We learned to make this deliciously flavoured and hearty soup in Perugia, Umbria from two companionable ladies who have been making it for many years, and eating it for longer. Of all the local dishes we learned to make with Nonie and Tita, this is the one I’ve made several times since, with the Umbrian-grown chickpeas we brought home with us while stocks lasted, and latterly with ones imported from elsewhere. It’s a keeper: simple to make, nutritious and economical, filling without being too caloric, extremely satisfying and interesting — it tastes even better the day after it’s made (and freezes well, too). It exactly suits my requirements at the moment, making a reluctant entry into winter a little easier to bear.
Using the cooking liquid from the chickpeas as the basis of the broth adds so much flavour, and makes one appreciate how good chickpeas (‘ceci’ in Italian) can be when they are grown well and get the attention they deserve in the kitchen. Dried chickpeas are the tastiest, but you do need to think ahead and give them a night (or day) to soak and then boil until tender before you can make this soup. As a speedy alternative you can use tinned, or for better flavour at a price, jarred chickpeas.
It’s the generous addition of rosemary, in company with garlic, bay leaf, a little chilli pepper, and an excellent olive oil, that elevates this soup from a bland bean soup to something to look forward to. As with much of the best Italian food, it relies on a few excellent ingredients, the cultural knowledge of what flavours enhance each other, and what cooking methods will bring out their best. We learned several tips and techniques from our hosts, and were astonished at the flavours they managed to extract from these few basic ingredients.
The rosemary in Umbria was the most strongly flavoured and aromatic I’ve had. My old rosemary plant here in England can’t compare for intensity, so I find I need to use more at home than Nonie and Tita did to reproduce the flavours they achieved in Perugia. Rosemary is a tricky herb, and too much can be overpowering, but what made this soup remarkable was the intensity of the herb; so for this, you can be a little bold with it. Our bowls were served to us garnished with another good sprig to add a further herbal hit.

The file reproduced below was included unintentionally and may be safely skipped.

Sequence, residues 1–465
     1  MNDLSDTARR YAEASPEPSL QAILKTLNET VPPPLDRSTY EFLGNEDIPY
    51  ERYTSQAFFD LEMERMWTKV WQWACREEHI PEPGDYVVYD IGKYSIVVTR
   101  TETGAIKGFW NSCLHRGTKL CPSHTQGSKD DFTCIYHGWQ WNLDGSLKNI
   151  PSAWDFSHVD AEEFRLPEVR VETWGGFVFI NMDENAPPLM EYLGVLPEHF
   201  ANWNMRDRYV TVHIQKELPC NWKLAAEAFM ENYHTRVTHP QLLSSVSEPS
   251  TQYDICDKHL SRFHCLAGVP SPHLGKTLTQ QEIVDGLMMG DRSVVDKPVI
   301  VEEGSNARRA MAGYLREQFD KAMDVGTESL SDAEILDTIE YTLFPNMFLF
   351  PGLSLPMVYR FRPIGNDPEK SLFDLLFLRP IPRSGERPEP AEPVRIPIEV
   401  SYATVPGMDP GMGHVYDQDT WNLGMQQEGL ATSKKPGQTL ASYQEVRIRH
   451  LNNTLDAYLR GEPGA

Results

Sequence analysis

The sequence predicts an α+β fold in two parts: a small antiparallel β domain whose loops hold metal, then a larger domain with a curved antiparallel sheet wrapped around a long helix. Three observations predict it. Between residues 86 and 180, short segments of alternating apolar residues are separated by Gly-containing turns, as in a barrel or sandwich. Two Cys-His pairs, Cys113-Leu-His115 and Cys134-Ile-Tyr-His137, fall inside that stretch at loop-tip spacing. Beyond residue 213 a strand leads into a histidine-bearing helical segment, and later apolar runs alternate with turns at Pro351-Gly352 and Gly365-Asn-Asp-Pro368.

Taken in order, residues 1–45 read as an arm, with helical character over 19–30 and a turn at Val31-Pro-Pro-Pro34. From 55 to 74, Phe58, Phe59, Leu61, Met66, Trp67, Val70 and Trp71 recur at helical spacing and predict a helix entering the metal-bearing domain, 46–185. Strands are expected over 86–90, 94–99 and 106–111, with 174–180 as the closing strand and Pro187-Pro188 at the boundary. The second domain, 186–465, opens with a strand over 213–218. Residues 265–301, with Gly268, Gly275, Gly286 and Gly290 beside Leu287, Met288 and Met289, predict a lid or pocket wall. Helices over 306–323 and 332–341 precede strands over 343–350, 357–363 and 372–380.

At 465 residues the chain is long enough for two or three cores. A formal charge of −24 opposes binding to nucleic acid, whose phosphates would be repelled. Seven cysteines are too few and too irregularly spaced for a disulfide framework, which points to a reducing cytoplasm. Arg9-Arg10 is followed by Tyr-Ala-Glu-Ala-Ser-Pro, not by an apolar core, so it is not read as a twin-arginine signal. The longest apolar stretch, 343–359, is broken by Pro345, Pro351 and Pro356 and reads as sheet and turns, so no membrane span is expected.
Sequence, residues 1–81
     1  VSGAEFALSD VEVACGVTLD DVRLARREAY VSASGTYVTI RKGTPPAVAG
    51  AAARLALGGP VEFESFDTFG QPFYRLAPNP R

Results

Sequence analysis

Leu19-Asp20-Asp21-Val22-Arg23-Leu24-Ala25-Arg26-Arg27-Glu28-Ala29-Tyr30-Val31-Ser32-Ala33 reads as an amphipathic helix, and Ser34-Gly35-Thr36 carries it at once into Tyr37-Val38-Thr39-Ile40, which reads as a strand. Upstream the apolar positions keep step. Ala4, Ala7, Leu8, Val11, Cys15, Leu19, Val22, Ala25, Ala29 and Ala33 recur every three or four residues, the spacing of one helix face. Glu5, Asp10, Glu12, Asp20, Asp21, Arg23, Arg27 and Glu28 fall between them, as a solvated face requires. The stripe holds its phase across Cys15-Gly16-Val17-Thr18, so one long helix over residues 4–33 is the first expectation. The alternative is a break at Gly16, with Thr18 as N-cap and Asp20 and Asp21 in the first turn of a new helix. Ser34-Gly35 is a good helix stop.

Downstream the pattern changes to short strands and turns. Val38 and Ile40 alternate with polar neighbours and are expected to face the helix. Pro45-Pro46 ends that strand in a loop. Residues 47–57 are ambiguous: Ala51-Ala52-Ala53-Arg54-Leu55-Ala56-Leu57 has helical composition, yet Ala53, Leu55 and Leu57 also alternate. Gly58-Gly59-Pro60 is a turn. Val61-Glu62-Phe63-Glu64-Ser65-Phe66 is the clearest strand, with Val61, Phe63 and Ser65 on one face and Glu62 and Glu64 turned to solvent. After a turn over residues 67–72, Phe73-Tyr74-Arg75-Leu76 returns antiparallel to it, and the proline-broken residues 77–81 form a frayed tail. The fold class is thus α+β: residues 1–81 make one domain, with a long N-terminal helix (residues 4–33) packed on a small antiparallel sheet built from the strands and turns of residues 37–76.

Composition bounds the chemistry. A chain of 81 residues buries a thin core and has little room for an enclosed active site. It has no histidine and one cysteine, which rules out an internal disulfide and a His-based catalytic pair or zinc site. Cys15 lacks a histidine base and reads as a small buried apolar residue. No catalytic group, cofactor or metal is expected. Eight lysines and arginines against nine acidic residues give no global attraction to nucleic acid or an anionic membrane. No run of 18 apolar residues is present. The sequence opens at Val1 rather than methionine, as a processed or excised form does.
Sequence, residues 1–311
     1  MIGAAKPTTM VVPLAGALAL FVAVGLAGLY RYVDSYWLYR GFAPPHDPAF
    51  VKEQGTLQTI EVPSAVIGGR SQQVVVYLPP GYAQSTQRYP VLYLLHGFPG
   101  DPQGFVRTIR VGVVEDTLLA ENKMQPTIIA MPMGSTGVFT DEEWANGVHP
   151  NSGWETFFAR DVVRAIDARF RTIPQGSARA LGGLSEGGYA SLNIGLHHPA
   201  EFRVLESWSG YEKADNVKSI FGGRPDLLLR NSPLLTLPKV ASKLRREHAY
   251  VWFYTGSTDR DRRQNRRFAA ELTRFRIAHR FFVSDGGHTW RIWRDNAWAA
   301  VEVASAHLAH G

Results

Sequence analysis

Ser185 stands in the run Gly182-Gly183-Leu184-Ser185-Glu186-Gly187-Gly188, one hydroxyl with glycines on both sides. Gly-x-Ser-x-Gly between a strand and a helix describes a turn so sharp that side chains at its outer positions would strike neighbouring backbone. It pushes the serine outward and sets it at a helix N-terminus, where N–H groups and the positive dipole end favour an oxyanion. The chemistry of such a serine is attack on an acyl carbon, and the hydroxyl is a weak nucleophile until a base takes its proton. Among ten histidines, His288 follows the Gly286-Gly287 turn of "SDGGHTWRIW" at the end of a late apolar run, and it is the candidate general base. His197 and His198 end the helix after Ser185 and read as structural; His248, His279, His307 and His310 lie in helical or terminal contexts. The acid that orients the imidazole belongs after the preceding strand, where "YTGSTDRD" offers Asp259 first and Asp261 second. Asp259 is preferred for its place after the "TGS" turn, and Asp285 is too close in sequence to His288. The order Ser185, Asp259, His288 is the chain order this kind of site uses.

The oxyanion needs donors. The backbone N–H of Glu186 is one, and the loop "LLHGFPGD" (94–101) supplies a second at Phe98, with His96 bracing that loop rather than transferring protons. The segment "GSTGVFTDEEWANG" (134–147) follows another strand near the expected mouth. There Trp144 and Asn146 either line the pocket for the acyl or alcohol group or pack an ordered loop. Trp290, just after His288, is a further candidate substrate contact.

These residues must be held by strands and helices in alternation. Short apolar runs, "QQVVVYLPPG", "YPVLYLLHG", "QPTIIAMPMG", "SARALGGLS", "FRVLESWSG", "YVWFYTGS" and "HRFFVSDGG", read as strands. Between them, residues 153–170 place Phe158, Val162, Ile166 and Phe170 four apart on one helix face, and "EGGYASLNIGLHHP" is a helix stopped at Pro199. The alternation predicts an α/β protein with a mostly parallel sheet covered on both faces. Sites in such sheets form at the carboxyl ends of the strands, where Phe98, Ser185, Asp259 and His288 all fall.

One of the top tips we learned from the experts was the trick of making a ‘soffrito’ (Italian for ‘slowly fried’), which in many other parts of Italy means the ‘holy trinity’ of onion, carrot and celery, with the addition of garlic, as the basis of most soups and sauces. Nonie and Tita report that in Umbria, however, onion and garlic are seldom used together, and the typical soffrito preparation for this soup is more simply a generous amount of rosemary, some garlic, bay, and red chilli pepper cooked slowly in good olive oil before a tomato passata is added. Once the herbs have imparted their flavours to the tomato purée, the resulting flavourful sauce is strained into the soup to avoid importing bits of garlic, chili, and whole rosemary leaves, which are unpleasantly like pine needles if left whole. Our hosts made a bouquet garni of the herbs, but I’ve taken to warming them with the oil simply scattered loose in the pan, as the soffrito has to be strained anyway. Even when I’ve made a bouquet garni tied tightly with string, the rosemary leaves seem to escape, so unless you don’t mind encountering them as you eat, you’ll have to take this extra step and strain the soffrito.
This is a hearty, thick soup. Noni and Tita said it should be thick enough for a spoon to almost stand up in it. I actually like it a little thinner as the broth itself has an excellent flavour and a lot of body. Taste as you finish the soup and please yourself. The soup is always finished, we were told, with a glug of best olive oil.
NB: KEEP the water you boil the chickpeas in, as this makes the stock required for the soup. You may not need all of it, but keep it until you serve, as the soup continues to thicken as it sits and it’s useful to have the option of adding more liquid right until serving time. (if you prepare the soup ahead the pasta will continue to swell and thicken the soup).
Our thanks to Nonie and Tita of Umbria Cooks 4 You, for being so generous with their hospitality and knowledge.
Umbrian chickpea and pasta soup
Serves 3-4 (can easily be doubled)
Adapted from the recipe taught by Nonie and Tita of Umbria Cooks4You
- 250g (9 ounces or a 1½ level cups) dried chickpeas
- Water to soak them for 12 hours
- 2 litres (2 generous quarts) of water to boil the chickpeas and make the stock—use no salt to boil (If doubling the recipe to use 500g / 1 pound 2 ounces of dried chickpeas, increase the boiling water to 3½ litres (3 quarts plus 3 cups).